environment 9: sustainable devt

22 October 2009

SUSTAINABLE DEVELOPMENT AS
SPIRITUAL AND REVOLUTIONARY PRAXIS

Junie Kalaw

Toward the end of this century as of the last one, dramatic changes have taken place under the impact of, among others, the industrial revolution, two world wars, struggles for political independence, the internationalization of economics, and the globalization of mass media.  These forces have had shearing effects on the fabric of political and economic society, some appearing first as part of the solution, even a boon (like pesticides), and only later as a problem.   Through all these changes and upheavals, the structures of oppressive domination have persisted on different levels occasionally changing external form but otherwise entrenched firmly enough in society to continue denying Filipinos and other Third World populations their freedom and autonomy.

Today’s Revolutionary Conditions

Poverty remains the Philippines’ major problem, aggravated by the depletion of our natural resources, the impending breakdown of our life-support systems, and the high rate of our population growth.  With our remaining forests down to less than 800,000 hectares, only 20% of our coral reefs in good condition, 18 major river systems biologically dead, 13 provinces severely eroded, fresh-water reservoirs drying up, and the population requiring 40% more food by the year 2000, we face a critical situation and time is not on our side.

The deterioration of the Philippine environment is traceable to economic activities designed to support the consumption needs of other countries.  Ecological footprints of the development of industrialized countries are to be seen not only in our degraded ecology but also in the waste that is exported back to us.   This historical trail of international trade based on the exploitation of our natural resources by former colonial masters has piled up ecological debts that remain uncompensated.   Sadly, this system of “ecological colonialism” has been institutionalized in the present international economic order.

Highlighting the crisis are new perspectives from ecological economists like Herman Daly and Robert Goodland.  They see our economic system as an open system functioning with the closed system that is our planet’s biosphere.  With the current global economy amounting to about US$32 trillion, we are consuming 40% of the primary production of terrestrial photosynthetic energy from the sun.  This means that in one doubling time, we will be using 80%, a condition that with its attendant waste may exceed the “carrying capacity” of the planet.  Thus it is posited that there is no room for aggregate economic growth and that sustainable economic growth for everyone is not possible.  This raises such issues as the rights of poor countries to their equitable share of remaining clean space, access to their own natural resources, access to information and technology, and bargaining power in markets.  Further, inasmuch as the relationship between rich and poor is a function of power, there is nothing to stop the rich from using this self-same power to maintain their wasteful consumption patterns and perpetuate an inequitable system.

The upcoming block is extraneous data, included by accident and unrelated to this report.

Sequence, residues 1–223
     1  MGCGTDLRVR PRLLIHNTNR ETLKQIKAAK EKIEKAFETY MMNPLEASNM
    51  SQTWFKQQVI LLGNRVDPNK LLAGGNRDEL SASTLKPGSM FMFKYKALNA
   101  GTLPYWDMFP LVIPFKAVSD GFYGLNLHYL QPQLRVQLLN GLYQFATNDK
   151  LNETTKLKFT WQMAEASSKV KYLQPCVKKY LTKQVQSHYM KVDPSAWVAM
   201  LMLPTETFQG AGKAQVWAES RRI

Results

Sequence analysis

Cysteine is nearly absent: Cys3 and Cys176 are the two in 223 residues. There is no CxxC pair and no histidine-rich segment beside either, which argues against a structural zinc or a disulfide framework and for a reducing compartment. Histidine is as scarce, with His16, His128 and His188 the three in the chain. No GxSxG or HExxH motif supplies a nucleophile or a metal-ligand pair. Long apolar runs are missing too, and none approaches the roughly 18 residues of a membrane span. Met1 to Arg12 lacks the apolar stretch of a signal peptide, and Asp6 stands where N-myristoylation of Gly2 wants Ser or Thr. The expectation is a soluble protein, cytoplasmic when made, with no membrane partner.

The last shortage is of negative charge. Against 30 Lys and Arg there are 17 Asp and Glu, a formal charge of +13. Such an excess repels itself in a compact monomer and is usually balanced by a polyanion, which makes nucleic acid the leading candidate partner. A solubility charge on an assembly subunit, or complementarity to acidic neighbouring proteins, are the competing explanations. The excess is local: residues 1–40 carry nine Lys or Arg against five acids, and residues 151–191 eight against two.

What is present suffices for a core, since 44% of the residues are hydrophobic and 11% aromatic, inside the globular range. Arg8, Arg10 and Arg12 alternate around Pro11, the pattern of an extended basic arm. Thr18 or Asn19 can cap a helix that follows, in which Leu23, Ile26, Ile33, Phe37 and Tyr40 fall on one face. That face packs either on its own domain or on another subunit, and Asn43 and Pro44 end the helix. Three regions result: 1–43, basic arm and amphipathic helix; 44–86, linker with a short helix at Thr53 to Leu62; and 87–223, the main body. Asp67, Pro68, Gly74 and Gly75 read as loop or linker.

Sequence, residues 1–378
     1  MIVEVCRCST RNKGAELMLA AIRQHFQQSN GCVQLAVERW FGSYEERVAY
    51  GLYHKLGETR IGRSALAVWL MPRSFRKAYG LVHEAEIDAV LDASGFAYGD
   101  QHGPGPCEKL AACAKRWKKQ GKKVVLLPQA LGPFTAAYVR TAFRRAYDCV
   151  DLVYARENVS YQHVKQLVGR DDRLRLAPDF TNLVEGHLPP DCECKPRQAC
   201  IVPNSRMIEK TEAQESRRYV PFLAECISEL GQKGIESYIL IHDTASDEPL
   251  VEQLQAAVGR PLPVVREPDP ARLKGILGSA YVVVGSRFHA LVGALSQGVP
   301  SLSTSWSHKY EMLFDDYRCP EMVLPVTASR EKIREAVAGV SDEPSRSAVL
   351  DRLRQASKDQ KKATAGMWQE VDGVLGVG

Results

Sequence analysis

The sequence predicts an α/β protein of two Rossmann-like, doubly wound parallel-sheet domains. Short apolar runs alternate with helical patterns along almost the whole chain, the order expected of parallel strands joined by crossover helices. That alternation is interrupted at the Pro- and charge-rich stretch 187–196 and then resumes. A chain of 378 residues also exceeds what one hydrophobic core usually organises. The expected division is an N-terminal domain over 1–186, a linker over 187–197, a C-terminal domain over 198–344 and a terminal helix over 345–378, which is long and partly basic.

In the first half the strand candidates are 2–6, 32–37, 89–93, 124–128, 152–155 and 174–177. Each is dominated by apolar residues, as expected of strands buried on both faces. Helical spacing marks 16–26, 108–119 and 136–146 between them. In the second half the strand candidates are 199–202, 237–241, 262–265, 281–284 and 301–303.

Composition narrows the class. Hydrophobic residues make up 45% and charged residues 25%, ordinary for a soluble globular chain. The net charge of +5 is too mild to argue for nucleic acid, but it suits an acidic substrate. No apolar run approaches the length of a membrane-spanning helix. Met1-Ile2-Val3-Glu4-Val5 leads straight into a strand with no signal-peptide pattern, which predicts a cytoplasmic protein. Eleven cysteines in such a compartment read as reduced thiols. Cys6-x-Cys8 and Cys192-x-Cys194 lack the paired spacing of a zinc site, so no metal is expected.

Revolution Based on Reconciliation

Pope John Paul II in Rome calls it a “moral crisis,” the lack of a “morally coherent world view.”  A lumad datu in Mount Apo ascribes it to a foreign belief system that has exiled God to the heavens so that we no longer see God in the trees, streams, mountains, and animals, nor in our fellow humans.  The reference is to the same fundamental gap between our personal ethics and the system’s ethics, and the need for a systems ethics which translates personal decisions in to decisions for the common good.  More concretely, it is the gap between what is an honest living for loggers and what is good for the environment and the common welfare.   The gap is widened not just by plain greed but also by a moral and ethical blindness to, and lack ofcomprehension of, the norms for a just and sustainable functioning of bigger systems.

At its worst, the gap renders futile church teachings on honesty and love for the poor on account of its inability to translate doctrine in terms of land reform or equitable wages or conservation of forest and marine resources.  In the end we realize that we have not yet found our wholeness.  We have yet to manage successfully the integration of personal and social transformation.  The exception was the EDSA Revolution, when a critical mass of Filipinos got their inner and outer values together and created the spiritual and political space that made the sharing of pan de sal across military defenses an operative Communion of the People, and that produced transformative political change, but which, unfortunately, we were unable to sustain.